• Physical. Everyday experiences such as walking, standing, moving, lifting, etc. may become difficult and often aggravating, and relief factors and patterns may differ highly from day to day and person to person. Bowel and bladder functions can experience great fluctuations ranging from urgency to incontinence and thus triggering multiple bathroom visits. Still others may be unable to function without external manipulation and the use of medical equipment such as a catheter and/or lubricant, resulting in a prolonged bathroom visits and the need for discreet disposal of personal items.
  • Psychosocial. Some people may experience cognitive issues and find that their patterns of thinking, remembering, and/or concentrating may be somewhat slower than in the past. Emotionally, they may feel as though they are on an emotional rollercoaster. Others may experience the feeling of enormous duress, as medical bills and paperwork may continue to pile up while trying to heal and to manage the daily busy-ness of professional and personal life. Regular and restful sleep may be evasive resulting in being easily overwhelmed and fatigued. Work schedules may need to be adjusted to allow for adequate time to rest, heal, and take care of medical, private and financial concerns. 

Cancer survivors often may feel conflicted – they may not want to be perceived as someone needing special considerations because of their situation, nor as one who may be interpreted as abusing the situation. But it is important to embrace and speak up for the things that they as an individual need to survive and thrive during the process. Fear of being misunderstood can lead to a diminishing of their potential to thrive and heal at their own personal best. Feelings like shame and fear further perpetuate the vicious cycle of a growing distance between the survivor and people around them.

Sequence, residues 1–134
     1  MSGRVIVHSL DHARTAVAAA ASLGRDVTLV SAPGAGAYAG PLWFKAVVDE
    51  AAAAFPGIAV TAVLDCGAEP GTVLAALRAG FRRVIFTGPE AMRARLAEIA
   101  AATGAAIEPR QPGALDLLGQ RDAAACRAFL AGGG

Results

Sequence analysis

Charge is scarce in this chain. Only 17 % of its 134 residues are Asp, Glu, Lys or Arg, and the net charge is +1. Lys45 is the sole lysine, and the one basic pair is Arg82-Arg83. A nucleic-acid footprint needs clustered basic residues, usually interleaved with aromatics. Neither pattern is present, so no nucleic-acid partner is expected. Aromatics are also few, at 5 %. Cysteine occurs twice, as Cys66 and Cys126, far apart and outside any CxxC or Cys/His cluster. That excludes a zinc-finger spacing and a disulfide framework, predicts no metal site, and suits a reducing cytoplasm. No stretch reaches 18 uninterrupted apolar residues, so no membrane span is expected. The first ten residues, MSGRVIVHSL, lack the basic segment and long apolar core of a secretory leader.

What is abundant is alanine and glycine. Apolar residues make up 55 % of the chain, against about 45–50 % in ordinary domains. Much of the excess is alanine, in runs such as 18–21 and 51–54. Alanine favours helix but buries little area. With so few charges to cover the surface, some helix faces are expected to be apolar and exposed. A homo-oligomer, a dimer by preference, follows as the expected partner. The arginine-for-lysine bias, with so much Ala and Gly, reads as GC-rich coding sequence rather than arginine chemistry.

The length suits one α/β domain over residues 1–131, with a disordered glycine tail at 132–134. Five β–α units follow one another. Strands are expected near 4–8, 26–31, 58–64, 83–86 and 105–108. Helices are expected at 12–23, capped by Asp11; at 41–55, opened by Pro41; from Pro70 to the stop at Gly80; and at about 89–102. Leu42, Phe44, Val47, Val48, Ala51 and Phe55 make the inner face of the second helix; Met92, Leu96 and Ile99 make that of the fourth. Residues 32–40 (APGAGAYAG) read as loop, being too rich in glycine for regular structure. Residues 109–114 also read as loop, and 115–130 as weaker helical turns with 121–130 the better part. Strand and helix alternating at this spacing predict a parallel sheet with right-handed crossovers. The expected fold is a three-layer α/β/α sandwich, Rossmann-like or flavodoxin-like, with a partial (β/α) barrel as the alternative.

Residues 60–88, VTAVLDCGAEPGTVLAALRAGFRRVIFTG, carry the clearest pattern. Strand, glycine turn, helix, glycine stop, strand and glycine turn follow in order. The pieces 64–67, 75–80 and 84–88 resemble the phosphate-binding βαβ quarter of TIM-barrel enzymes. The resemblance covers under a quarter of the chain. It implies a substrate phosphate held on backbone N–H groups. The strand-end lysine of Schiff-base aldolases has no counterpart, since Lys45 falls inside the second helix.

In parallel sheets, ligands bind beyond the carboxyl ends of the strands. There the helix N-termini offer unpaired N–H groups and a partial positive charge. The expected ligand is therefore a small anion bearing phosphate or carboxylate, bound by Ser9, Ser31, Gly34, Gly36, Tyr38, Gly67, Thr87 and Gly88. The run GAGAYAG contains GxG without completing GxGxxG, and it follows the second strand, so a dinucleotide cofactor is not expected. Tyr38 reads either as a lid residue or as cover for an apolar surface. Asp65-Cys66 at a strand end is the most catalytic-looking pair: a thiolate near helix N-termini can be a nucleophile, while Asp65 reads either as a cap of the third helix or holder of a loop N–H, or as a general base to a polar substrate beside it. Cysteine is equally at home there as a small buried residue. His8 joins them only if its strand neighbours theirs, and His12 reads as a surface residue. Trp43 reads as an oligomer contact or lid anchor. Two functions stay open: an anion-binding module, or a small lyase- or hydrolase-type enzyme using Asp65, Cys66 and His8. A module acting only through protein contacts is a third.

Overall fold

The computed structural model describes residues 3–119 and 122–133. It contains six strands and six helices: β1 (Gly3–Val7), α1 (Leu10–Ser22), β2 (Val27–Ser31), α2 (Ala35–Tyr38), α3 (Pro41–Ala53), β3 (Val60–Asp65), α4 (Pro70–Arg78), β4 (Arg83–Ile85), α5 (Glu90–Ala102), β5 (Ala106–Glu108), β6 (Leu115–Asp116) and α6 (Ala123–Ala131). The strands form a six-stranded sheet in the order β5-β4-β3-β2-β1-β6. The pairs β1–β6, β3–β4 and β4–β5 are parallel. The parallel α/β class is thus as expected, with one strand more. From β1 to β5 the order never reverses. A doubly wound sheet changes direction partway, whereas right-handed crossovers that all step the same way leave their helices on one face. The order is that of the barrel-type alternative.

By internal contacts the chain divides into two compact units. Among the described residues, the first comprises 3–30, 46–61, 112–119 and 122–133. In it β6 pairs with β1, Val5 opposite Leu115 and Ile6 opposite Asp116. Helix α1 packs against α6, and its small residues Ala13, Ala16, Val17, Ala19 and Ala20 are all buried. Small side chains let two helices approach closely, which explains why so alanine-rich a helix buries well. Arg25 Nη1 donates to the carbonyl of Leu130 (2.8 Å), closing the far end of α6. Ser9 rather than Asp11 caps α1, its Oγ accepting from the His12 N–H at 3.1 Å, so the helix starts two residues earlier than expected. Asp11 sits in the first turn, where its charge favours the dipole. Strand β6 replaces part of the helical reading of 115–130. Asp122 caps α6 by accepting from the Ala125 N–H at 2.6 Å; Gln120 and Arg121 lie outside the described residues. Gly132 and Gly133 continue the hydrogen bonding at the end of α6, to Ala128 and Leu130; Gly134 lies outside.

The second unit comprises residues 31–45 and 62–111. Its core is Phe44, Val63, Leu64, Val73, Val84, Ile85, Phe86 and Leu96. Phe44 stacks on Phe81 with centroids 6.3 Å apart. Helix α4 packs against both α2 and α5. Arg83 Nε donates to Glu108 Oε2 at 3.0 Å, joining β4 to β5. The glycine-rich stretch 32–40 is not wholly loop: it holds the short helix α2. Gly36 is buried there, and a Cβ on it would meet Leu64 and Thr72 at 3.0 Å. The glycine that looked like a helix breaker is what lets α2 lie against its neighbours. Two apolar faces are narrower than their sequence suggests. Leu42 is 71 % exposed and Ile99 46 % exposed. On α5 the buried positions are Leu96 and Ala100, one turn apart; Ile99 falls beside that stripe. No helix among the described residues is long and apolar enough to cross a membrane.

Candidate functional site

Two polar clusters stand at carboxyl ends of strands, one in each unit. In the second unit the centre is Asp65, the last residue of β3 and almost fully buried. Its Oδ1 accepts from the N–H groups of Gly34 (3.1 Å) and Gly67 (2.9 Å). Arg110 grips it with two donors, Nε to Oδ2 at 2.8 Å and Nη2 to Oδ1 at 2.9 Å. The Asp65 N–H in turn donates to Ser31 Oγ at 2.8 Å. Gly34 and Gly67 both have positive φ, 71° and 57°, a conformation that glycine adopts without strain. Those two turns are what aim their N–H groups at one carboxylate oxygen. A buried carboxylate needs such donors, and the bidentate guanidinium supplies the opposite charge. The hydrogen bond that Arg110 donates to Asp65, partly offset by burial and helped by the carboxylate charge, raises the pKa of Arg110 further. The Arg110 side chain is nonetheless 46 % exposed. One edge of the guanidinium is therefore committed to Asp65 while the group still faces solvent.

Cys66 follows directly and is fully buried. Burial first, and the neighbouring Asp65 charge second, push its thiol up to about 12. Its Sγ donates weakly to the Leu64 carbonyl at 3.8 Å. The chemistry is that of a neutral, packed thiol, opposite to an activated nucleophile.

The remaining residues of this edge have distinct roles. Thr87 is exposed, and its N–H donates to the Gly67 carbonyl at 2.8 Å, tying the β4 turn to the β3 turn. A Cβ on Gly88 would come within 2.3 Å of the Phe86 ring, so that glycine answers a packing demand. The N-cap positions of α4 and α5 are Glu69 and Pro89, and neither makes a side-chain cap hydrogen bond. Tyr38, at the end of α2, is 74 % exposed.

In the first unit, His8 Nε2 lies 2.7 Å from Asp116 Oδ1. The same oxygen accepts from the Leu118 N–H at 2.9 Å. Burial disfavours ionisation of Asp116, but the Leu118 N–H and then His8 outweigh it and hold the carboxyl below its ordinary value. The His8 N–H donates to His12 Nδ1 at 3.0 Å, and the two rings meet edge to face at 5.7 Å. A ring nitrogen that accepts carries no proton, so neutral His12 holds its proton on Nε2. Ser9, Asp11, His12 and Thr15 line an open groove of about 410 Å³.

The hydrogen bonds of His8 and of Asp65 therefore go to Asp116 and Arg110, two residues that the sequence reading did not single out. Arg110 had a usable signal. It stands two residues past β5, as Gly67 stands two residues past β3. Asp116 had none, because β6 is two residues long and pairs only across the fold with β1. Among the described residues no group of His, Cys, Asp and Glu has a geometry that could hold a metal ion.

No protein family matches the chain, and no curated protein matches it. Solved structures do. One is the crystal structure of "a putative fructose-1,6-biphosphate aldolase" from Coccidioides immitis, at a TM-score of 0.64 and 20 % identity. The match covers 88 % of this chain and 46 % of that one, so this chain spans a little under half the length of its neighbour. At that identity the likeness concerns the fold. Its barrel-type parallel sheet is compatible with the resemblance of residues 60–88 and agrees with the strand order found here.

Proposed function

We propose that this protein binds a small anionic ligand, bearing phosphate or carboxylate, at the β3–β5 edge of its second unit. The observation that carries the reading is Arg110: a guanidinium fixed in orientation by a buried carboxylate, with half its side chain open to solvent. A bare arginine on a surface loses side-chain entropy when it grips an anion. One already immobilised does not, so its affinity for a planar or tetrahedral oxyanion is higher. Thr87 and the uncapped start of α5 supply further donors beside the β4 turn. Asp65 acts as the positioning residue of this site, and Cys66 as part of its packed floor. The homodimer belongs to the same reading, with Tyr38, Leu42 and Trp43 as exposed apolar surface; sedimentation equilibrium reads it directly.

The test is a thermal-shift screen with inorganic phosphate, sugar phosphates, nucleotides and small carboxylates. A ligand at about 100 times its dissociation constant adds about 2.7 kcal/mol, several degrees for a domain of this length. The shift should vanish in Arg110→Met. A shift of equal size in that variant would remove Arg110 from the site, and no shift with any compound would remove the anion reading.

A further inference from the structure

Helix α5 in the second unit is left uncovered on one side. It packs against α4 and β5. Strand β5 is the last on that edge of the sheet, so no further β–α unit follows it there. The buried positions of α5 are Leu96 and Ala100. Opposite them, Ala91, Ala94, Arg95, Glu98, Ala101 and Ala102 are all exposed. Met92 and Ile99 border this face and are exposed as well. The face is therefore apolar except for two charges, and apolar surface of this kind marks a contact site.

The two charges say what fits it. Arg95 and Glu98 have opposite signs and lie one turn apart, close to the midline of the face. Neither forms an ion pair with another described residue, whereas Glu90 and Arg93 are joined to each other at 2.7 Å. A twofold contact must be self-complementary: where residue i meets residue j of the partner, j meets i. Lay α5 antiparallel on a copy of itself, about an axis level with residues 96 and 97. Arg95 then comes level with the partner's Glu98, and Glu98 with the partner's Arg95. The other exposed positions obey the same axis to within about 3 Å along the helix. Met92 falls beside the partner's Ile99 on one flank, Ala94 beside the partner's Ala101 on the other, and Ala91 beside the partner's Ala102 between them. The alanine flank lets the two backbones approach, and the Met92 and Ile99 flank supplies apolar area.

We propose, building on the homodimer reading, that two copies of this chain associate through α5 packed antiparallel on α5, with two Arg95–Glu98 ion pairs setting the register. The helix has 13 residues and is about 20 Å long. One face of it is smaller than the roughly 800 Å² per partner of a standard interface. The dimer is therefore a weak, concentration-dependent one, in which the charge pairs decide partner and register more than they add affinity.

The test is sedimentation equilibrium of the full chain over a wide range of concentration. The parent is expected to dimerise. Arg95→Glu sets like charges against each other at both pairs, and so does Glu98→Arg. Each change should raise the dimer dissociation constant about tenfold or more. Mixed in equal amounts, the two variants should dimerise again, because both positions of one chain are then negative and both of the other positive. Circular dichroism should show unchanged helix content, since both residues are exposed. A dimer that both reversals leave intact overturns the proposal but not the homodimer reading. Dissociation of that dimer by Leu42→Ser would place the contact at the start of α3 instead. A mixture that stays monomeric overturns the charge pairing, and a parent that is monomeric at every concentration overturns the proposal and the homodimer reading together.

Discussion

Sometimes little things make a big difference. A disabled person parking placard (for which eligibility can be determined via your not-to-be-forgotten primary care provider!) may allow you to preserve independency and energy for other tasks. Communication is essential in any relationship, whether with coworkers, families, or providers. It is up to you to speak up and care for yourself by letting others know what you need. Only through active and engaged dialogue will we begin to understand and support each other.   

At work, one may need to submit paperwork to Human Resources Department to justify your need for special circumstances that may help protect your employment. And employment discrimination laws protect cancer survivors. Don’t be afraid to avail yourself of the help the law provides for your circumstances! Vocational Rehabilitation Offices at the State level may be able to provide services to help persons with disabilities prepare for, obtain, or maintain employment. Please ask your care team to speak with a social worker or navigator to help find the services that may be best for you.

Most cancer survivors who need accommodations, do not relish this spotlight and the perceived attention it attracts; but the courage to step up and claim what we need may allow us all to gain insight into how the world can be made into a better place . Inclusion and acceptance – we are all together in this world. We can learn from and support one another. Together we stand strong! 

The Freedom to Move….!

The Freedom to Move….!